It is easier to copy something than to develop something new - a principle that was long believed to also apply to the evolution of genes. According to this, evolution copies existing genes and then adapts the copies to new tasks. However, scientists from the Max Planck Institute for Evolutionary Biology in Plön have now revealed that new genes often form from scratch. Their analyses of genes from mice, humans and fish have shown that new genes are shorter than old ones and simpler in structure. These and other differences between young and old genes indicate that completely new genes can also form from previously unread regions of the genome. Moreover, the new genes often use existing regulatory elements from other genes before they create their own.
When scientists decoded the first genes, they made a surprising discovery: similar variants of many genes are found even in very different organisms. This finding can be explained by the fact that evolution uses existing genes and adapts them to varying degrees for new tasks. The copying of genes plays an important role here. Copies are made of a gene and incorporated into the genome. Evolution can then experiment with these copies, while the original can continue to fulfil its function in its unaltered form. Completely new genes are very rare events in this model.
Rafik Neme and Diethard Tautz from the Max Planck Institute for Evolutionary Biology have now refuted this idea. Based on initial indications of the existence of completely new individual genes, they analysed over 20,000 mouse genes and traced their origins. According to their findings, genes that arose later in evolution are often shorter than those that have been in existence longer. Moreover, younger genes have fewer exons and fewer protein domains. This finding contradicts the accepted view: “If new genes are copies of old ones, a correlation of this kind between length and age would not be expected. However, a young gene needs time to acquire additional exons and introns. Thus, genes become longer with time and consist of numerous exons and introns,” explains Rafik Neme from the Max Planck Institute in Plön. Analyses of human, zebrafish and stickleback genes confirm the correlations discovered in the mouse.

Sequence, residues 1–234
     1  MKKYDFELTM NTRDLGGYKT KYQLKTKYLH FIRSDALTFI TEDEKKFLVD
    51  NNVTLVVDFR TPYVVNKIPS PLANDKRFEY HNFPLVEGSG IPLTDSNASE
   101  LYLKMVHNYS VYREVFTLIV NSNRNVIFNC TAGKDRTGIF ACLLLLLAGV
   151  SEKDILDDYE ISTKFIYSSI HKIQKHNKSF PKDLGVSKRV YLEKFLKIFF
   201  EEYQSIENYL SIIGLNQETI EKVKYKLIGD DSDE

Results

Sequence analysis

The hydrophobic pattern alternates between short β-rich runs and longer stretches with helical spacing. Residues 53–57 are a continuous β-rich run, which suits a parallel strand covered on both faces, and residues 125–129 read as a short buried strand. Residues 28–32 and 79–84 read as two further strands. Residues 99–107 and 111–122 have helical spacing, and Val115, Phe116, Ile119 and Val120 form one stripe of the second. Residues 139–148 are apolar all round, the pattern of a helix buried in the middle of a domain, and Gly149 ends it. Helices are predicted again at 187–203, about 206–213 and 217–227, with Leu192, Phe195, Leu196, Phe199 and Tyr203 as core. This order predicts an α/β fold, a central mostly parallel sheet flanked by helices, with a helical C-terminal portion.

The researchers also studied another way in which new genes can arise from existing genes: through a change in the reading frame. The genetic reading frame comprises three consecutive letters of the genetic alphabet. Each of these triplets stands for an amino acid which is translated from the genetic code. If this reading frame is shifted, new triplets arise and the genome is translated into completely different amino acids. “We found several cases, in which genes were overwritten due to such a change in the reading frame,” says Neme. An example of this is the Hoxa9 gene – a gene that controls embryonic development. In rodents and primates, this gene uses such an additional alternative reading frame.
According to the findings of the Plön-based researchers, around 60 percent of genes originate from our unicellular ancestors from the early phase of evolution. Large numbers of new genes were added in particular during the advent of fundamental evolutionary innovations: for example, the transition from unicellular to multicellular organisms and the emergence of vertebrates. A particularly high number of new genes also formed after the splitting of the mouse from other rodents. Interestingly, the scientists only found a few locations on the chromosomes in which newly formed genes accumulate. In fact, they are relatively evenly distributed across the entire genome. One of the few exceptions is a cluster of genes on chromosome 14 which control the activity of neurons, among other things.
New genes thus frequently arise from scratch in the course of evolution. They form in the gene-free sections of the genome, between the old genes. This often necessitates only minimal changes. “For example, genes need elements known as promoters which control their activity. It appears that new genes can appropriate promoters belonging to other genes and use them for their own purposes,” explains Diethard Tautz, Head of the Department of Evolutionary Genetics at the Max Planck Institute for Evolutionary Biology.
Via Dr. Stefan Gruenwald